COLOGNE, Germany — The defense ministers of Germany and France have vowed to put fresh energy behind a bilateral push for a next-generation tank, putting a topic back on the German-Franco work docket that had gone largely silent in recent years.
The plan is for both countries to build a novel tank — complete with accompanying drones and robots — that will replace the fleets of Germany’s Leopard 2 and France’s Leclerc sometime between 2035 and 2040.
Following a July 10 meeting in Berlin between German Defense Minister Boris Pistorius and his French counterpart, Sebastien Lecornu, Pistorius told reporters the two leaders would begin meeting regularly to push the effort.
According to Lecornu, Monday’s gathering served to kick off what he called the “operative” phase of the German-led Main Ground Combat System. The program so far has consisted of prolonged architecture studies and experimentation that had given rivaling contractors KNDS — a French-German joint venture of Nexter and Krauss-Maffei Wegmann — and Germany’s Rheinmetall plenty of time to jockey for position with their own tank proposals.
The two leaders drew a parallel to another signature effort in Europe’s defense landscape, the Future Combat Air System, or Système de Combat Aérien du Futur in French. Led by France, officials from both countries would mirror that program’s management process for divvying up national, industrial work shares, they said.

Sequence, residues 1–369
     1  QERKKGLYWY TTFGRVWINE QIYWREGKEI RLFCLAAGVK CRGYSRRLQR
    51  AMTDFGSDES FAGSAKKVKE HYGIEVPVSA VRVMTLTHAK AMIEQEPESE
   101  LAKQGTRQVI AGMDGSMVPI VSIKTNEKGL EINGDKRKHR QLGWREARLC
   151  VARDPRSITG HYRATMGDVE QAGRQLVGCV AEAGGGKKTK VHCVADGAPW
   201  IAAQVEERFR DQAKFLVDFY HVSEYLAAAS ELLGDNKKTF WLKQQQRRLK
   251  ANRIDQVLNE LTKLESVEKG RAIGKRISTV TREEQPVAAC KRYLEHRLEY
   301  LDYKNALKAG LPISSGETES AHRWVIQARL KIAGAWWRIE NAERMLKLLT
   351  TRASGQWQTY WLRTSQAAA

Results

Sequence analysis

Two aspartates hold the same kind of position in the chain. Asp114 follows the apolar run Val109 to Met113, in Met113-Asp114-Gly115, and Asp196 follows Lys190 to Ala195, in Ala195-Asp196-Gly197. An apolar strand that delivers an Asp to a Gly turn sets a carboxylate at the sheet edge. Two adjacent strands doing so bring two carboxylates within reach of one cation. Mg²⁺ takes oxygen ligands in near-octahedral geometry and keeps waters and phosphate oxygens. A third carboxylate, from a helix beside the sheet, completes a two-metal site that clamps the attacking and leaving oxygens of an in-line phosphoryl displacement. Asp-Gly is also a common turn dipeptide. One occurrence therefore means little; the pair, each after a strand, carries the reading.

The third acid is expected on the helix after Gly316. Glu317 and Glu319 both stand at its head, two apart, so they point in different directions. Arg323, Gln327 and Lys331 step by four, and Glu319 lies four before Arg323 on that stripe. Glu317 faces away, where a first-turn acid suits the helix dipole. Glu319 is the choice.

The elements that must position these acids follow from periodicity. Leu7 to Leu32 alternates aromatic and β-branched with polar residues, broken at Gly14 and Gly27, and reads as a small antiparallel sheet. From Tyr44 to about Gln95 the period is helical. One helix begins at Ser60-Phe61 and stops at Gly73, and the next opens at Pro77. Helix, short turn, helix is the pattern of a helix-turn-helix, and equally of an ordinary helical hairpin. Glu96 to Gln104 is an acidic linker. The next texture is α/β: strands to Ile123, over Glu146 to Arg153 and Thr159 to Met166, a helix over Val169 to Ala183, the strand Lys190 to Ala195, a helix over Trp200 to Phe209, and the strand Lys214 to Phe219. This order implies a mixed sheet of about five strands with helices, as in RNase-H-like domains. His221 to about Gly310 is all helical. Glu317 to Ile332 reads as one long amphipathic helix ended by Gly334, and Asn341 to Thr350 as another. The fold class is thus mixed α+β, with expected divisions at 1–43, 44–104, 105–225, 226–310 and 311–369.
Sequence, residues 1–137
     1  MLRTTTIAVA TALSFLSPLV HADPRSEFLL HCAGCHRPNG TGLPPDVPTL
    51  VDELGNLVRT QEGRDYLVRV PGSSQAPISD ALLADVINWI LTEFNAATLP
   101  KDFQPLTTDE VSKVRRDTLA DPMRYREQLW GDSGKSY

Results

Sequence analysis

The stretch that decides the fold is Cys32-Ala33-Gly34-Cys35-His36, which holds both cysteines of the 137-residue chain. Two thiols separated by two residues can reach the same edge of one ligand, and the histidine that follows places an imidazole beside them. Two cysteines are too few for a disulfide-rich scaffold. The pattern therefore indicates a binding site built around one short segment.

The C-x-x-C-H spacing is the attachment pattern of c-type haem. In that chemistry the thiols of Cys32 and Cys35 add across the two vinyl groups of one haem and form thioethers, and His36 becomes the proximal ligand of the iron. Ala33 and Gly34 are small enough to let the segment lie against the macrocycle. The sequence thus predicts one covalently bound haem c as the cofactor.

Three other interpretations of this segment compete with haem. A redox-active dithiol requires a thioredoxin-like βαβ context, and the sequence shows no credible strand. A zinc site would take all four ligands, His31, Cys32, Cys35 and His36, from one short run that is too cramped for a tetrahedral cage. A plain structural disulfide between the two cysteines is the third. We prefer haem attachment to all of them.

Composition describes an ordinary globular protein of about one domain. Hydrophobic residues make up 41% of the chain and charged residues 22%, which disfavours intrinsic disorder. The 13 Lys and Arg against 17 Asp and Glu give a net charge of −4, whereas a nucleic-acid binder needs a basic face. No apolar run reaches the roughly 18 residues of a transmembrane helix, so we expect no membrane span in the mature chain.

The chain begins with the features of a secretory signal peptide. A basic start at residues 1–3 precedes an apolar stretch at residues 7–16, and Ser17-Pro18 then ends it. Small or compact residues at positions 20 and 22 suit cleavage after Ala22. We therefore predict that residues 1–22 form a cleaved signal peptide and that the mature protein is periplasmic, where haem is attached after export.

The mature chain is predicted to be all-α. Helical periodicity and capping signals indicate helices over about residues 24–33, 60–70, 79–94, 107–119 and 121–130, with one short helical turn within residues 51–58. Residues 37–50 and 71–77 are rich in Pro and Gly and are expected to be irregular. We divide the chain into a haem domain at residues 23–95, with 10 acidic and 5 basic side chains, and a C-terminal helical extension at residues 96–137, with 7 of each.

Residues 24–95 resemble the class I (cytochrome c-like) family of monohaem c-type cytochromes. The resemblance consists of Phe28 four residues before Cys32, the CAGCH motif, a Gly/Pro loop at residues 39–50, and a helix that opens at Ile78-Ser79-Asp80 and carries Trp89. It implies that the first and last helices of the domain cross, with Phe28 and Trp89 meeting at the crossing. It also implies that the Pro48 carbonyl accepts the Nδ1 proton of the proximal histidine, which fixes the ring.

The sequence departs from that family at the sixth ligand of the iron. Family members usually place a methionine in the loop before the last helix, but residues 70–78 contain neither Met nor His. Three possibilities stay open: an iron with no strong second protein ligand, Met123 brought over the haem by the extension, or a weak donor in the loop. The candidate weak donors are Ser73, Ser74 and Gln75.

An evaluation of military requirements for the future class of tanks is due from the two countries’ army chiefs of staff in time for the next meeting, scheduled for Sept. 22 at the Evreux air base east of Paris.
The timing of a land-focused military assessment at this stage is notably different from FCAS, where air force officials from the three partner nations only last month unveiled a new air power concept to go with the envisioned collection of next-gen planes and drones that make up the German-Franco-Spanish effort.
Pistorius opened the door to a two-pronged approach during upcoming MGCS development, saying contractors would be allowed to offer two competing systems based on a common turret and chassis. Government leaders could eventually decide to keep only one, or even pick both, he said.
Sebastian Sprenger is associate editor for Europe at Defense News, reporting on the state of the defense market in the region, and on U.S.-Europe cooperation and multi-national investments in defense and global security. Previously he served as managing editor for Defense News. He is based in Cologne, Germany.